HELENA - Hundreds of people braved below-zero temperatures and snow showers on Thursday to “Rally for Public Lands” at the State Capitol.
This was the fifth legislative session that conservation organizations have held the Rally for Public Lands.
“Let's sort of make sure that our legislators are aware how important our public lands are economically and for our outdoor quality of life, and make sure that as they're doing their business during the session that they prioritize our access and our ability to continue to recreate and enjoy our families outside in our public lands,” said Becky Edwards, executive director of Mountain Mamas, one of the sponsoring groups.
One of the speakers was Cole Mannix, who comes from a ranching family and is now president and founder of Old Salt Co-Op, a locally-based meat processor and retailer that focuses on land stewardship.
“The mandate in our Constitution since ’72, of a clean and healthful environment and for Montanans to maintain and improve that – that's pretty simple, and it's I think it's the best North Star for a citizenry that there could be,” he said.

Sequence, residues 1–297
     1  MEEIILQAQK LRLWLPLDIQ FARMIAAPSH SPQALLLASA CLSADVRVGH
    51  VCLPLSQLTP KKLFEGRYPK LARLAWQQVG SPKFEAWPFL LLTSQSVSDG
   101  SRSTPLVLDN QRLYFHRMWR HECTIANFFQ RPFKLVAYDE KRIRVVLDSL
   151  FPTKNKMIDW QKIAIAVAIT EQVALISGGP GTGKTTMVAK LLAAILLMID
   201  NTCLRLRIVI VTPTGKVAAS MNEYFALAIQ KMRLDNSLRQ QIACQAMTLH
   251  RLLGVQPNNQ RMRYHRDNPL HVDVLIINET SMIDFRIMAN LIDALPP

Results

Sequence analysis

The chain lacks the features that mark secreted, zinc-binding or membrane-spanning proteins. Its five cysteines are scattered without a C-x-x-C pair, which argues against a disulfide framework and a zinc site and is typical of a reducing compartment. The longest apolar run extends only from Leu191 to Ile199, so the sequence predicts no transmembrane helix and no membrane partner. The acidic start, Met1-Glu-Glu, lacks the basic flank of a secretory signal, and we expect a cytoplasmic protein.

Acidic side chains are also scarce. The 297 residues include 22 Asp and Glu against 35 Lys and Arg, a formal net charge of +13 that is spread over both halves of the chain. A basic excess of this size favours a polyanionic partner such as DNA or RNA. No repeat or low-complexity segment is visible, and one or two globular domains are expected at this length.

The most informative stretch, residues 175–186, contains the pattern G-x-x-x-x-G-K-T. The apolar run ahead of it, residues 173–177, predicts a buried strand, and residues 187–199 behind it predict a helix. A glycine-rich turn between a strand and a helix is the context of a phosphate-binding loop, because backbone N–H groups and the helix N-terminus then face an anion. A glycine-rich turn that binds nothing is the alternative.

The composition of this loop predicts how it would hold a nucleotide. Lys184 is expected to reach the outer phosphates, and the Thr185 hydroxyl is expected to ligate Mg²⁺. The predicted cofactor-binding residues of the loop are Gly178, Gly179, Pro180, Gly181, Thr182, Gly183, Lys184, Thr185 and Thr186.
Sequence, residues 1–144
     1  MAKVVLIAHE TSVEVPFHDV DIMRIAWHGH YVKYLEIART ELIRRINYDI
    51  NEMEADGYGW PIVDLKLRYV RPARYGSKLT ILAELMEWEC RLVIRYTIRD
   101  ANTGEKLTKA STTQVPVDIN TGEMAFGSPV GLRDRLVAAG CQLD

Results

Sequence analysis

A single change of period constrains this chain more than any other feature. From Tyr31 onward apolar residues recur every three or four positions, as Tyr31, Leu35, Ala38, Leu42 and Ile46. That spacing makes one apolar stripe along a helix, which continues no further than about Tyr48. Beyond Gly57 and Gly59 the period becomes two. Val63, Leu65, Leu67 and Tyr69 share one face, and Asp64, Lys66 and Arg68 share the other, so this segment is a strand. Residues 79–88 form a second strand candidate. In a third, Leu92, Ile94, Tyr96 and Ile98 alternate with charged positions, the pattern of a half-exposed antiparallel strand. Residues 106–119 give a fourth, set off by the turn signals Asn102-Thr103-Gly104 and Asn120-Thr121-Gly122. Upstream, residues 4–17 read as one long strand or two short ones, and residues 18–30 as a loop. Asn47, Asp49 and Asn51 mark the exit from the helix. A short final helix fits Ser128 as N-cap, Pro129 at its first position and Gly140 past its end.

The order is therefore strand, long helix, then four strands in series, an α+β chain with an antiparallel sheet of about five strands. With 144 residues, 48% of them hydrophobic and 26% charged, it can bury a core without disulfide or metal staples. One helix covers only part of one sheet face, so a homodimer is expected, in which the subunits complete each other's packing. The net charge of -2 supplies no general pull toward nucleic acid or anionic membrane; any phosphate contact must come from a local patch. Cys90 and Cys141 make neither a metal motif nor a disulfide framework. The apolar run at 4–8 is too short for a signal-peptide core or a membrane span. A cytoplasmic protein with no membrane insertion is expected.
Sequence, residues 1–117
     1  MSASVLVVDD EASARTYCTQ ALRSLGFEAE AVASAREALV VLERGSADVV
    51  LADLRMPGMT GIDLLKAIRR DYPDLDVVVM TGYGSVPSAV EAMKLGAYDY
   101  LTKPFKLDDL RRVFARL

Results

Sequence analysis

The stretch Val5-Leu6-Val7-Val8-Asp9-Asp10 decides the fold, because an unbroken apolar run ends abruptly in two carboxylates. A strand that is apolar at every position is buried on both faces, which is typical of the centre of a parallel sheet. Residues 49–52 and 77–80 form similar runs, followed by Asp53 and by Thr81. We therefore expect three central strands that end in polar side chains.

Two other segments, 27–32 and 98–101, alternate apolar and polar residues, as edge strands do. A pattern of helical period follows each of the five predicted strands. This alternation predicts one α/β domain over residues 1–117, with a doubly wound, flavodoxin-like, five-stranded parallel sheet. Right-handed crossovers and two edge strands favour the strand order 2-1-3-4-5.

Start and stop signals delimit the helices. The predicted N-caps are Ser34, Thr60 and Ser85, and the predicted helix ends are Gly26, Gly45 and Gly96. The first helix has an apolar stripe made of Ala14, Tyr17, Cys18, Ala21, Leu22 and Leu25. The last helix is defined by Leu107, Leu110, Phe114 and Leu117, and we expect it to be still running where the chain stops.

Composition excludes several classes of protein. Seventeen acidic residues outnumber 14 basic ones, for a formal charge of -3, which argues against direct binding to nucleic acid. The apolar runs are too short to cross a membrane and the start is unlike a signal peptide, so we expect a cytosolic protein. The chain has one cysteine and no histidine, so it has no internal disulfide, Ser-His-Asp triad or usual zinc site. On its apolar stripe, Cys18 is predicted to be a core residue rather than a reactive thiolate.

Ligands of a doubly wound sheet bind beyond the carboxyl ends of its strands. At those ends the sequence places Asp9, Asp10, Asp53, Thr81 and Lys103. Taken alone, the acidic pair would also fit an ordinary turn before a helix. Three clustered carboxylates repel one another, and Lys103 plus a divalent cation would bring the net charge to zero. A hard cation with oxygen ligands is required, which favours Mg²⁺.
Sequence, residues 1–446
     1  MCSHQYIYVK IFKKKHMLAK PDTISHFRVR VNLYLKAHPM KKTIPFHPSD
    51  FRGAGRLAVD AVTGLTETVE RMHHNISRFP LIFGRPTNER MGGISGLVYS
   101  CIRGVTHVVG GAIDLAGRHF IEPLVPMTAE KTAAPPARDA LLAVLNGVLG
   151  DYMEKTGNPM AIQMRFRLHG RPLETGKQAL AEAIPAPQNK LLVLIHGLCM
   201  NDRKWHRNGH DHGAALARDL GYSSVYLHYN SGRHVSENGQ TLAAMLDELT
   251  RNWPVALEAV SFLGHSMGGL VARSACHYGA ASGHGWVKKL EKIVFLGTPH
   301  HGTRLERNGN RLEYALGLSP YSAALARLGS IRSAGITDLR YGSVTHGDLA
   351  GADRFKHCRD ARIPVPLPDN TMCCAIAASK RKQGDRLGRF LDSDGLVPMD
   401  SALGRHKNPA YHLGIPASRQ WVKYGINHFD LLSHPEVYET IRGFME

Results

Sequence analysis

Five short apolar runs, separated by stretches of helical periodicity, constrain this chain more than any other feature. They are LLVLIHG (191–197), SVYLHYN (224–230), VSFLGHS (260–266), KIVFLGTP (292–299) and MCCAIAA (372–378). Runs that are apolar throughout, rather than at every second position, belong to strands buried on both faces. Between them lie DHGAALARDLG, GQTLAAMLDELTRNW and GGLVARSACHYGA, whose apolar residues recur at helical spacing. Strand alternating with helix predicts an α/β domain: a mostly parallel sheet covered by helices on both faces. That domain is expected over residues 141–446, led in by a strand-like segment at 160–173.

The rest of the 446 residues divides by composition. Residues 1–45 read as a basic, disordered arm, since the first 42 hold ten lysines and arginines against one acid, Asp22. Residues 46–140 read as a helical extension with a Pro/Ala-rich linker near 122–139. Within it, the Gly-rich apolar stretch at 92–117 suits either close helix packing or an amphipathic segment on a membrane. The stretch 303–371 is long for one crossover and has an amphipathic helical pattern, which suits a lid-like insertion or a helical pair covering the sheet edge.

Mannix said he’s particularly passionate about forming stronger partnerships between agriculture and conservation in Montana.
“We have so much in common,” he said. “We all eat, we all breathe the air and drink the water. For our kids, for ourselves, protecting and enhancing the Montana landscape – that's pretty common ground.”
Several speakers at this year’s rally objected to proposed bills that would redirect marijuana tax revenue away from the state’s Habitat Montana program, which provides incentives for landowners to conserve wildlife habitat on private land.
House Bill 462 would shift that money primarily to law enforcement, Senate Bill 442 would direct it toward county road maintenance, and House Bill 669 would take marijuana revenue that currently goes toward Habitat Montana and several other specific programs and redirect it to the general fund.
This was the first in-person Rally for Public Lands since 2019. In 2021, it was held online because of COVID.
Edwards said it was important to show how committed Montanans are to the state’s public lands.
“It's so many people, it's so bitter cold today, and it was so heartening to walk up and see so many people making it a priority to make their voices heard on behalf of their public lands,” she said.